Project SPHINX – When the USSR tried to change the computer forever

SPHINX USSR computer and home system 2

SPHINX, photo originally published in Technical Aesthetics magazine, 1987

Project SPHINX – When the USSR tried to change the computer forever

Looking back at Soviet Union’s technology, what first comes to mind is Sputnik, the Soyuz spacecraft, aircraft such as the Tupolev 144 (the famous “Concordski”), or huge nuclear submarines.
What does not come to mind are consumer electronics products and computers, which is not surprising. Indeed, after a promising initial period, in the 1950s and 1960s, when under the guidance of pioneers such as Sergey Lebedev USSR developed a number of projects which were innovative also by Western countries’ parameters, technological design in Russia and other countries of the Warsaw Pact apparently collapsed into a passive imitation of the most popular computers, radios, TV and other consumer electronics products manufactured in the Western world, especially in the United States and Germany.

Computer parade East Germany

This picture of a parade in Berlin in 1987 shows one of the very few original PCs ever produced in a Socialist State, the VEB Robotron PC 1715 manufactured in East Germany; photo Thomas Uhleman / Bundesarchive.

Yet, on this side of the Iron Curtain, it was difficult to be aware of the many innovative ideas and projects under development in Russia since – for political, cultural, and linguistic reasons – they didn’t usually come out of the Soviet Empire.
Nevertheless, some of those projects, though they’d never become real products also because of the fall of the Soviet Union in the early 1990s, express an inventiveness and creativity that can still teach us something, nowadays.

One of them, possibly the most visionary, was named Project SPHINX.

It was a futuristic system, conceived in the Eighties by a brilliant Russian designer and engineer, Dmitry Azrikan, at the famous VNIITE Design Institute in Saint Petersburg (the institute, whose name was an acronym for “All-Union Research Institute of Technical Aesthetics”, closed in 2013).
Designed in 1986, SPHINX (again an acronym, this time for “Super Functional Integrated Communication System”) wasn’t just a computer, as it might seem, but a complex system for home automation, digital entertaining, communication, telecommuting, and even telemedicine. The project was commissioned by the State Council For Science and Technology, directly controlled by the Soviet Government, to VNIITE to create “a revolutionary computer”.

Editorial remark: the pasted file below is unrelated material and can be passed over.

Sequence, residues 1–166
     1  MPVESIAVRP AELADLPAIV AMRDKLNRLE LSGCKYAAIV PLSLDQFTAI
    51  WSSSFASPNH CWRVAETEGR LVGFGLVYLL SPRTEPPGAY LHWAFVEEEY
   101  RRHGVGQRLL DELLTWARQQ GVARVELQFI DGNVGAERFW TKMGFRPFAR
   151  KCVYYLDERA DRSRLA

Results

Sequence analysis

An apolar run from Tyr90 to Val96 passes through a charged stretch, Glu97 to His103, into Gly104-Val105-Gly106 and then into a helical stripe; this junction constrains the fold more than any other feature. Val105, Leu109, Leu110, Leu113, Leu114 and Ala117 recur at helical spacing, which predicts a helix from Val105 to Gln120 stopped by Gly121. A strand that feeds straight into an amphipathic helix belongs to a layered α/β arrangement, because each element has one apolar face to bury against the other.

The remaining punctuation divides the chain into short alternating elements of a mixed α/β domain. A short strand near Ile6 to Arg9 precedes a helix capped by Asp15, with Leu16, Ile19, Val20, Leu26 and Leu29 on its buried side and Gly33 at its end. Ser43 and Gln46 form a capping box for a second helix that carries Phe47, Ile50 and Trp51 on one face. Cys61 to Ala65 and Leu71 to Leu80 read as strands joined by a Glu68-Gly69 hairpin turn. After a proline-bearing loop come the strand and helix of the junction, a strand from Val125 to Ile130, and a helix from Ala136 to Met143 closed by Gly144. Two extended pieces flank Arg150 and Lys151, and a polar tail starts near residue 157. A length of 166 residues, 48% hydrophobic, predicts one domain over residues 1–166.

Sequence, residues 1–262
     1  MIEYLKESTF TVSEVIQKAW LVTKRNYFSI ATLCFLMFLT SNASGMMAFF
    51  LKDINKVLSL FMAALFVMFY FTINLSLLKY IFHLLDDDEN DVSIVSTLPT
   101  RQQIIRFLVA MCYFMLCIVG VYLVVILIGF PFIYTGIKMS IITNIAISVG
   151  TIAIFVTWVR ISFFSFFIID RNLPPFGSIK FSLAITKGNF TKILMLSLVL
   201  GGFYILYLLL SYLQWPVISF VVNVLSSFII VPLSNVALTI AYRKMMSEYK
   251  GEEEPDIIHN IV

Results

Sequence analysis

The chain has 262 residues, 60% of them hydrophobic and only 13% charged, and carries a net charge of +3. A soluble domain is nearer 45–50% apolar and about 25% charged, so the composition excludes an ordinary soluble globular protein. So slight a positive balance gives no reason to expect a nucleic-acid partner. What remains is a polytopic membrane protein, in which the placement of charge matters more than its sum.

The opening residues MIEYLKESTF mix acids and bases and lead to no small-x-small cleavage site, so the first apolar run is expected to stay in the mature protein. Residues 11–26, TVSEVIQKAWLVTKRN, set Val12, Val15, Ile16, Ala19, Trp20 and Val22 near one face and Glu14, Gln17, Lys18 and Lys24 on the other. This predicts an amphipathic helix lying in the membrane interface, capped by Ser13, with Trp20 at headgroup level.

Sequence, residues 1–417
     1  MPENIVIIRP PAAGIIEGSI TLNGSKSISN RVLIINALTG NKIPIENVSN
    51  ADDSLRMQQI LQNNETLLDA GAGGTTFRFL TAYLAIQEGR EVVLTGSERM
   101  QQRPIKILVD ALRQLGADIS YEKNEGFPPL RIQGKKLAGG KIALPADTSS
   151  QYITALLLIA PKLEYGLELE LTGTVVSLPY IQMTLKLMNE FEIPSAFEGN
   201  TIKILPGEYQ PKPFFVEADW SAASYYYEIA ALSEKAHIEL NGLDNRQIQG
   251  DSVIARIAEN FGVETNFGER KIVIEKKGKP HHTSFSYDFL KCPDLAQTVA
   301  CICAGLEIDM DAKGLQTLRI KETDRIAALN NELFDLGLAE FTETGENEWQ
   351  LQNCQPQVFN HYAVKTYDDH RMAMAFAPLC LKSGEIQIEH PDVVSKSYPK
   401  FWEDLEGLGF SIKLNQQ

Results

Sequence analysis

Dmitry Azrikan

Russian-born Canadian engineer and designer Dmitry Azrikan, the “father” of SPHINX.

The core of the system was a modular “memory unit” consisting of a CPU to which three triangular memory expansion modules could be connected. Such configuration was intended to allow different users –  each member of a family, for example – to use different programs at the same time, in multitasking.

SPHINX USSR computer and home system 3

The “core” of the SPHINX system, consisting of a triangular CPU and three memory expansion modules; photo originally published in Technical Aesthetics magazine, 1987

The system was intended to replace all the technological devices in a house: computers, telephones, televisions, radios, audio systems, and so on. To do that, some peripherals were included.

– A large flat-panel display and TV with two spherical satellite loudspeakers, for home entertainment, and video conference.

– One (or more) desktop unit – combining a computer and a video and multimedia player – with a keyboard, a 19” 15:9 ratio monitor, two detachable flat loudspeakers, wireless headphones, and an optional telephone. Such a unit did not have a mouse, replaced by a sort of d-pad with four triangular directional buttons.

– A handheld remote control with a small LCD screen, a microphone, and a speaker which can also be turned into a palm computer.

– Several futuristic wearable devices (never prototyped) including a smartwatch, smartcards, and augmented reality sunglasses.

The devices were designed to communicate with one another using radio waves, while the system was connected to the rest of the world through the telephone line.

SPHINX USSR computer and home system 1

The prototype of the SPHINX system, which is now on display at the Moscow Design Museum; photo courtesy of MDM.

The design of the system was based on simple geometric forms – rectangles, triangles, and spheres – and on a color palette – comprising white, yellow, orange, blue, and cyan – devised carefully to identify different functions.
Such an uncluttered, minimalist design was typical of VNIITE which, inspired by aerospatial design, prioritized simpleness, lightness, and the removal of unnecessary elements.

The plan was to install the SPHINX system in a large number of Russian homes by 2000. Yet, the economic and political downturns of the Soviet Union which culminated in its fall in 1991 (after which Dmitry Azrikan left Russia and moved to Canada, where he still lives) put an end to the project, which remained at a prototype stage and, today looks like the swan’s song and the silent witness of an era of contradictions and tragedies but also of great expectations and insightful ideas.

SPHINX USSR computer and home system 5

SPHINX USSR computer and home system 4

The SPHINX keyboard and handheld remote control, showing the color scheme and geometric design of the system; photo originally published in Technical Aesthetics magazine, 1987.

Varia Bortsova, Meet Sphinx: The 30-Year-Old Soviet Smart Home Concept,
Alexandra Guseva, 10 postwar Soviet industrial designs that predicted the 21st century,
Take a look at the USSR’s long-lost product designs,

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Visionary computers of the past

Visionary computers of the past

Visionary computers of the past

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